A number of inactivity inequality gaps exist and whilst they may have narrowed, to varying degrees, across Greater Manchester (GM) we can still see clear gender, age, disability, socio-economic status and ethnicity gaps. Many of these factors overlap and further compound the differences.

In the latest Active Lives release the inactivity disability gap in GM is 21.4% which is larger than the England gap of 19.3%, the gap is also closing at a slower rate than across England as a whole. In GM the inactivity disability gap has shrunk by 1.3% since baseline (November 2015/16) whereas nationally it has shrunk by more than twice this (3.0%). Across GM there are noticeable differences between the ten boroughs with the gap varying from 11.0% in Stockport to 28.6% in Wigan and overall five of the boroughs have a wider inactivity gap than England.

Inactivity disability gap comparison between England, Greater Manchester and the ten boroughs of GM

Disabilities and Long Term Health Conditions: A breakdown

Inactivity levels for those with a physically limiting disability is over double that of the inactivity levels of those with no disability, 43.2% compared to 21.8%, a gap of 21.4%. This difference is more pronounced when looking at the number of impairments a person has. Inactivity increases by over 15% when comparing those with one impairment to those with no limiting impairments. The figure continues to rise with additional impairments; those with three or more impairments have an inactivity rate 10% higher than those with only one and over double that of those with no impairments.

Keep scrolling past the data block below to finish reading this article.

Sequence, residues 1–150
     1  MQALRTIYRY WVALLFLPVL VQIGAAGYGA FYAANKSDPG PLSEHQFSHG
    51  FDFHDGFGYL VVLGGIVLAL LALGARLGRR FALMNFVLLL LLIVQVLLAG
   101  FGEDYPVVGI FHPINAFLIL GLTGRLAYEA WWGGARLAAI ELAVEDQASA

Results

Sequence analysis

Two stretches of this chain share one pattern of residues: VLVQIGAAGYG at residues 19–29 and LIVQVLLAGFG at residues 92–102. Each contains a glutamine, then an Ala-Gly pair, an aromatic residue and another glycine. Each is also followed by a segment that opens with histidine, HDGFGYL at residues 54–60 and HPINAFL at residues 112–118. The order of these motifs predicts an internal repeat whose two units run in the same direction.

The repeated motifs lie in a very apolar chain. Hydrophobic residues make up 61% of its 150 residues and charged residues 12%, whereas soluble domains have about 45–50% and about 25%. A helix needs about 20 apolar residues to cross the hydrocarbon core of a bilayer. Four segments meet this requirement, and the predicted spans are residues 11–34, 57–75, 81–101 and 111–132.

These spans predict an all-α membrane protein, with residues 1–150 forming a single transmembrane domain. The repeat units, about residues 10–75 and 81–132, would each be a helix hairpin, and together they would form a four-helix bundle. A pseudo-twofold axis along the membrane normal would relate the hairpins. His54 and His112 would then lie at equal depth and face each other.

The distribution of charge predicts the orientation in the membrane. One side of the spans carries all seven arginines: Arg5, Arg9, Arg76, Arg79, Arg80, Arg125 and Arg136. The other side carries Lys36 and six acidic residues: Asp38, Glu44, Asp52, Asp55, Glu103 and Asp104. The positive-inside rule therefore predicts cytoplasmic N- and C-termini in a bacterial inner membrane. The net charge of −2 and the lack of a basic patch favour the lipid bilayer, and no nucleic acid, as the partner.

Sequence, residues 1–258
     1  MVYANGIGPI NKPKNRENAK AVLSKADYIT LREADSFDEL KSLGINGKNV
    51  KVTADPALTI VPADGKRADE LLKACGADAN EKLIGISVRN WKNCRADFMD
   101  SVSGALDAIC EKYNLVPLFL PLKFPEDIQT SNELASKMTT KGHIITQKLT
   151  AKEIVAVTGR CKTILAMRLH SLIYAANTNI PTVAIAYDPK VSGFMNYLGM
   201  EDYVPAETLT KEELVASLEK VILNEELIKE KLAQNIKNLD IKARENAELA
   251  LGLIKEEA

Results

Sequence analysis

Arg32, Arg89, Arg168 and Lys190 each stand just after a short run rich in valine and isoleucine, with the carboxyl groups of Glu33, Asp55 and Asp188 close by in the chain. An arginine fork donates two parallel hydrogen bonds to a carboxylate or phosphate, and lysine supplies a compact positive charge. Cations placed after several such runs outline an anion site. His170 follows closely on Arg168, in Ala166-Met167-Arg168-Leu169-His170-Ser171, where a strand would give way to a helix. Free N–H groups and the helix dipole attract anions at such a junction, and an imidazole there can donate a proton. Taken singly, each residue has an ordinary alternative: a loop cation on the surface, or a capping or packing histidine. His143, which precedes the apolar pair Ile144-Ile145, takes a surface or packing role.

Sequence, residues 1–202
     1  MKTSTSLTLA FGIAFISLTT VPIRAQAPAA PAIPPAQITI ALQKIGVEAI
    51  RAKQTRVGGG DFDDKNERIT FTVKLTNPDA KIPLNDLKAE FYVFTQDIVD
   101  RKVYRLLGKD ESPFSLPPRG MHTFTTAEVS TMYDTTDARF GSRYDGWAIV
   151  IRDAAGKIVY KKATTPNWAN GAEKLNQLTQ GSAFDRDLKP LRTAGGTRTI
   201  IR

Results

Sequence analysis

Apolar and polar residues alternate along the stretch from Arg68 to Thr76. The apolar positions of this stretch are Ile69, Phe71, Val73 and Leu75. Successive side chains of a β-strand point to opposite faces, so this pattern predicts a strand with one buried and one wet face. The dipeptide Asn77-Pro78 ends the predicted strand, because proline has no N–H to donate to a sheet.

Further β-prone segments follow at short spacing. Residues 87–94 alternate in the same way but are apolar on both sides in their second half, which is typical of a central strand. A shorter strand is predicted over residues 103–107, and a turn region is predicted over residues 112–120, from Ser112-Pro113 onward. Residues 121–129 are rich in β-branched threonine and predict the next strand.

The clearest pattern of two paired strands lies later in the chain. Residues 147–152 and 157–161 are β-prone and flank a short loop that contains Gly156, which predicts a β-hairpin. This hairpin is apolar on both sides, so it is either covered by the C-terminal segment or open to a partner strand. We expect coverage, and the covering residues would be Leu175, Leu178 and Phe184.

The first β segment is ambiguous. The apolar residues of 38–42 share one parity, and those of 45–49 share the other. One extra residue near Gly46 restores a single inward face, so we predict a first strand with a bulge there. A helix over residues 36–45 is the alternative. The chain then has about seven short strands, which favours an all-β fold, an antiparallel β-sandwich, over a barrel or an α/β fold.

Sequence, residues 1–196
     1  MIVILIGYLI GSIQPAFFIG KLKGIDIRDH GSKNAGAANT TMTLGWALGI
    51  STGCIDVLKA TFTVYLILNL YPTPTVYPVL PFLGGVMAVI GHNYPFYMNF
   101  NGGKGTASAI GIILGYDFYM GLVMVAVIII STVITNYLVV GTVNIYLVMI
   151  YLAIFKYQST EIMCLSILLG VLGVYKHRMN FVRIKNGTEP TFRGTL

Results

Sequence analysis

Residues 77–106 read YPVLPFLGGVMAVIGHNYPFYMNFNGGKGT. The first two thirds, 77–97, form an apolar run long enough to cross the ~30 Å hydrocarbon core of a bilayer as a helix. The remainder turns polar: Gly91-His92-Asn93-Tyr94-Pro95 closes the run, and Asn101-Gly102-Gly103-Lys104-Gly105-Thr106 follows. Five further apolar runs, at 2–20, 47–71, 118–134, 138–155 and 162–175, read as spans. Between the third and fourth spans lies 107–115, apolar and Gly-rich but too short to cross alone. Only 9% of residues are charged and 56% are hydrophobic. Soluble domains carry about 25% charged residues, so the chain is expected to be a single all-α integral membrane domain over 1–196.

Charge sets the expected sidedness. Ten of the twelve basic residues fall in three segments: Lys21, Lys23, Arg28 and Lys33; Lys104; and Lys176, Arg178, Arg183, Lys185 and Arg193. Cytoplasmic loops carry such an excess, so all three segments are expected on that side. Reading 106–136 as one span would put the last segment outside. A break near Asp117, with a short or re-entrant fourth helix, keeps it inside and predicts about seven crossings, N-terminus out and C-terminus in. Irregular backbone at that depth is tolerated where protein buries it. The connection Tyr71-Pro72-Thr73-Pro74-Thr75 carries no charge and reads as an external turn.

Furthermore when inactivity is broken down, it is clear that amongst all groups the majority of people who are classified as inactive are doing no physical activity (rather than anything up to 30 minutes). This figure is particularly high amongst those with three or more impairments where eight in ten of those classified as inactive, do nothing (see graph below). 

Four in ten of those with a disability who are inactive do participate in physical activity, however not at a high enough intensity for it to count towards Chief Medical Officer guidance for physical activity. This varies from 34.8% of those with one impairment to 13.6% amongst those with three or more impairments.

Inactivity broken down by number of impairments

Disability Type

When broken down by disability type, the highest levels of inactivity across Greater Manchester are amongst those with a speech disability (55.6%) followed by hearing and mobility (52.6% and 51.9% respectively). The lowest inactivity rates were amongst those with other disabilities (37.2%) and those with mental health conditions (39.3%).

Inactivity levels by disability type

Disability and other factors

It is important to note that disability amplifies the gender gap, the gender inactivity gap overall in GM is 2.5% with women more likely to be inactive. Amongst those with disabilities the inactivity gender gap is 4.1%, 40.8% of men with a disability are inactive compared to 44.9% of women with a disability. When the disability–gender relationship is broken down by number of impairments the highest levels of inactivity are amongst men with three or more impairments (48.6%), followed by women with three or more impairments (48.3%). The starkest difference is amongst those with two impairments with females having an inactivity rate almost 50% higher than males (46.4% v. 31.7%).

Activity Alliance offer further information on the experiences of people with disabilities and long term health conditions and how to engage them in physical activity.

More information on the latest Active Lives release can be found here. Find out more about the relationship between disability, long term health conditions and physical activity here.